The Japanese games giant Capcom have recently been dropping some very subtle hints (see above) that they’re celebrating a big birthday this year. The games industry itself is less than 50 years old; Capcom have seen thirty years of that. Pretty impressive, right? And with many of the greats of the gaming industry closing down during recent years, I’m just grateful that Capcom still exists. In celebration of this incredible milestone, I’ll be taking you on a magical journey through 10 of Capcom’s greatest titles.
Mega Man (1987-2012)
The first stop on our journey features a series of games with a relatively simple premise: you fight through a series of stages. At the end of each stage is a boss fight. Once you’ve completed all stages available to you, you get to go to the nefarious Dr. Wily’s fortress to fight some more bosses and eventually confront and defeat Wily himself. Simple enough but also super cool. The latest game in the series is Street Fighter X Mega Man, made by a Singaporean super fan with support from Capcom in celebration of the series’ 25th anniversary.
Bionic Commando (1987-2011)
As incredible as it may seem, Capcom made a platform game without jumping. “How are you supposed to get from one platform to another?” I hear you ask. Well, you use a grappling hook. Granted, it seems like a rather convoluted way to traverse a 3 foot gap but hey, we’re not the aforementioned Bionic Commando so what do we know?
Street Fighter (1987-2013)
It’s no secret that Capcom are big on fighting games. Titles under their belt include Darkstalkers, Final Fight and Jojo’s Bizarre Adventure but, without a shadow of a doubt, the jewel in Capcom’s punchy crown is the Street Fighter series. The first game in the series revolves around the World Warrior fighting tournament. It’s a simple “who’s the best” affair, if you will. Then someone decided that the series needed some story and as a result, the next instalments in the series involve terrorist organisations and secret societies. Don’t worry though, these unspeakably evil super criminals still have time to host World Warrior tournaments. How convenient.
Resident Evil (1996-2013)
Hailed by many as the most iconic zombie game series of all time, Resident Evil is the zombie game that just refuses to stop getting back up. The series follows characters Jill Valentine, Chris Redfield and Leon S. Kennedy in their own respective fights against the T-Virus and its variants, which turn people into—you guessed it—zombies.
Devil May Cry (2001-2013)
If you think you have family problems, you may want to take a look at Dante. His father was a demon who rebelled against his own kind, his mother was killed in a demon attack and his brother wants to kill him. Despite all this, he somehow manages to get out of bed in the morning and look stylish doing it. The games in the Devil May Cry series are referred to as “spectacle fighters” due to the fact that the player is judged on how varied the player’s attacks are and the player’s ability to avoid damage. Much like a Tony Hawk skateboarding game, but with swords and guns instead of skateboards.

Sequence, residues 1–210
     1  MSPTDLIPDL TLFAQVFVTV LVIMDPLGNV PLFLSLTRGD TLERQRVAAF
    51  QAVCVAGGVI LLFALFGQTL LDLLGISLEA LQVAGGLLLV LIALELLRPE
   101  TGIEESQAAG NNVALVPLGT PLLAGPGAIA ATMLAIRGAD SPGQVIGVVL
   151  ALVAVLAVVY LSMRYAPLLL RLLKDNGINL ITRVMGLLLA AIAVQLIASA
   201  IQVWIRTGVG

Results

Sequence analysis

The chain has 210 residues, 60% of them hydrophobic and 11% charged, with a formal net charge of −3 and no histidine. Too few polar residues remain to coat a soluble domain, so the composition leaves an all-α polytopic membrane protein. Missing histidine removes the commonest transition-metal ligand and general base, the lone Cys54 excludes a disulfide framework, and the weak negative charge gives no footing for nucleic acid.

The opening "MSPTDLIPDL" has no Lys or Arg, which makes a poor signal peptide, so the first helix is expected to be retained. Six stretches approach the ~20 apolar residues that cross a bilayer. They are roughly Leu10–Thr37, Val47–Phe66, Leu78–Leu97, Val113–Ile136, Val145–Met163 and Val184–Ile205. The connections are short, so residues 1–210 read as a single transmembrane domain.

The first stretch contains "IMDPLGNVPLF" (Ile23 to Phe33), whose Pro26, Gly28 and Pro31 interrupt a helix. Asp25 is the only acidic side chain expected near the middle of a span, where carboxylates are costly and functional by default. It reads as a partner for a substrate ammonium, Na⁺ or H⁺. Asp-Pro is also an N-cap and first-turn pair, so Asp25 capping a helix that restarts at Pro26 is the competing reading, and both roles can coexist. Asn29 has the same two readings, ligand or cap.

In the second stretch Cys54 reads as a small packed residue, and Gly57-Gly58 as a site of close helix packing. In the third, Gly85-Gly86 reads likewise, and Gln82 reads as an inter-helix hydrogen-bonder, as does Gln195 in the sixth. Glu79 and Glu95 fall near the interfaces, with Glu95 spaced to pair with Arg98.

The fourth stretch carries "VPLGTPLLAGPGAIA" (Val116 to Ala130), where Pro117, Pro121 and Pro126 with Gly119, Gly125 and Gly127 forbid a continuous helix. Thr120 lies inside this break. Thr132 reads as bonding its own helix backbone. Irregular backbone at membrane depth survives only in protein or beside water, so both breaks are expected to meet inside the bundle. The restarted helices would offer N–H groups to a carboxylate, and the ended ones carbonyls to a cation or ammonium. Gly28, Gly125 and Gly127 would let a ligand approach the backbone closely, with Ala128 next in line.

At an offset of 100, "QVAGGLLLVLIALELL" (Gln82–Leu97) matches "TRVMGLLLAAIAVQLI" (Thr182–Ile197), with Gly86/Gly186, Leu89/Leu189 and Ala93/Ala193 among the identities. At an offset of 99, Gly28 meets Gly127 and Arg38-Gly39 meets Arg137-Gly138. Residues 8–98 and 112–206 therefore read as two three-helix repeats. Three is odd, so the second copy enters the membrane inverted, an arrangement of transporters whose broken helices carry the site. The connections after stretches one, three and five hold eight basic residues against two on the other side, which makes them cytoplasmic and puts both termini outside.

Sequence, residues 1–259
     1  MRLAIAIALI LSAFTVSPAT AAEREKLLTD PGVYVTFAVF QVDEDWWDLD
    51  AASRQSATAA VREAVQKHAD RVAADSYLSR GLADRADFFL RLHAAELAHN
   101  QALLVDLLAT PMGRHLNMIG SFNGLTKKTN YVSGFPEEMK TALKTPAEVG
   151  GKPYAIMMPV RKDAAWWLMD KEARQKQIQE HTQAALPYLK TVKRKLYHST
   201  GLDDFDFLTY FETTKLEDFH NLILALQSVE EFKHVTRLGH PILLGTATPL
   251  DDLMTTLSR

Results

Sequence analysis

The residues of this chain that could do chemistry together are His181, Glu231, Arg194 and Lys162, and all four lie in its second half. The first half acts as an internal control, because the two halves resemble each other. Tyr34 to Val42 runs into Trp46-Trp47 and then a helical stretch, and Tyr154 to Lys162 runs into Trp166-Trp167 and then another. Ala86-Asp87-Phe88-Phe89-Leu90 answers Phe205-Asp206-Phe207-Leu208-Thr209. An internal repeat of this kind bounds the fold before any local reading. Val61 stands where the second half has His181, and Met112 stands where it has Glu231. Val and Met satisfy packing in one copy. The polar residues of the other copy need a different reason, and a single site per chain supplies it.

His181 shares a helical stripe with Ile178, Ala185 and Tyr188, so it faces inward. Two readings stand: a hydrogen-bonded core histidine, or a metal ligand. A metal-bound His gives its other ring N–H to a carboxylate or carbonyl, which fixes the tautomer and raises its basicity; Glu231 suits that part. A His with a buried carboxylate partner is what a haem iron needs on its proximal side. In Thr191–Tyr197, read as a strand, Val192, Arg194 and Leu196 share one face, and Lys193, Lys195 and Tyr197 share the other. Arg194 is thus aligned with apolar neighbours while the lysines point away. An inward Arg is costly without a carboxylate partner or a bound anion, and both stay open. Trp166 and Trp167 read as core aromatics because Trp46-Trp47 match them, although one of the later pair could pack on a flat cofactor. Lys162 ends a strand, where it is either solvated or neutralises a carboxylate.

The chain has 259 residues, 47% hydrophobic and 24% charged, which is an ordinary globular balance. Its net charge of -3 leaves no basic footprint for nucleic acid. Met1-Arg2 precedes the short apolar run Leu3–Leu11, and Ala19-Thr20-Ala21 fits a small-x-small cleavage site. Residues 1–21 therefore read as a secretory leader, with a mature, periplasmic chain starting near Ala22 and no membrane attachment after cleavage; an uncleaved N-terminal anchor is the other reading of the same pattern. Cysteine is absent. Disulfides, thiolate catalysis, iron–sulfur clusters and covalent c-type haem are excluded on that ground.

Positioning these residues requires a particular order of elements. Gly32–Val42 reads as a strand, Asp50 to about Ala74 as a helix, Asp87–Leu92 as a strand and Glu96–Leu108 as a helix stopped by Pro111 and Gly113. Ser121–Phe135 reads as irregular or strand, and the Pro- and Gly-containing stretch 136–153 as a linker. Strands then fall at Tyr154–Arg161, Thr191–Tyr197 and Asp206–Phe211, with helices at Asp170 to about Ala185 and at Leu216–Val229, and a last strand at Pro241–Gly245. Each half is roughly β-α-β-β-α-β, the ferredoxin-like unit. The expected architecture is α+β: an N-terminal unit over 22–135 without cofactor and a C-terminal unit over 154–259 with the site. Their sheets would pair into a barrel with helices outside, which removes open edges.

Phoenix Wright: Ace Attorney (2001-2013)
That’s right, it’s everyone’s favourite law-based adventure game. In this court ‘em up, it’s the player’s job to prove the defendant’s innocence and also identify the real criminal (who, for some strange reason, always testifies). Expect to meet a wide range of characters along the way such as Maya Fey, Phoenix’s assistant/spirit medium and Miles Edgeworth, Phoenix’s childhood best friend turned courtroom rival. Surely a game set in the courtroom couldn’t be interesting enough to warrant a sequel, right? OBJECTION. The Ace Attorney series currently has 7 games, with a Phoenix Wright X Professor Layton crossover slated for next year.
Viewtiful Joe (2003-2005)
This insanely stylish side-scrolling beat ‘em up stars Joe, a guy whose obsession with movies proves to be his downfall when the monster onscreen kidnaps his girlfriend. Luckily for Joe, the hero of the movie helps him out by transforming him into a hero. This spandex clad form enables “VFX powers”, which allow Joe to manipulate the movie he’s in to his advantage. One such power enables Joe to slow down the movie so that he can unleash a flurry of attacks on stationary enemies.
Monster Hunter (2004-2013)
Do you want to kill huge monsters? Is it your desire to rise up and become the absolute best at your job? If the answer to those questions is a firm yes, then Monster Hunter is the game for you. The series has a heavy focus on equipment management. When leaving on a hunt, you need to take potions for healing, whetstones to keep your blade sharp and various other items all while keeping space free for whatever you gather while you’re out. Still think you’re up to the task?
Dead Rising (2006-2013)
Take a sandbox game, add a ridiculous number of zombies, sprinkle in some psychopaths to fight and add a little…cross dressing? The level of seriousness in Dead Rising depends entirely on the player. You could gather up some swords and bats, round up all the survivors and find out how the outbreak was caused, or you could put on a dress and a monster mask, fill your inventory with handbags and attempt to fight your way through some bosses. Completely up to you.
This game tells you everything you need to know in the title. The word “Okami” means “great god”. However, if you lengthen the “O” sound, you get the word “Ookami”, which means “wolf”. That’s it; that’s pretty much everything in this game. Players take the role of Amaterasu, the sun goddess, who has taken the form of a white wolf in order to purge an ancient Japanese land of darkness. Japanese lessons aside, this game takes elements from a number of genres, including action-adventure, platformers and puzzle games. This comes together to form something that is not dissimilar to the Legend of Zelda games.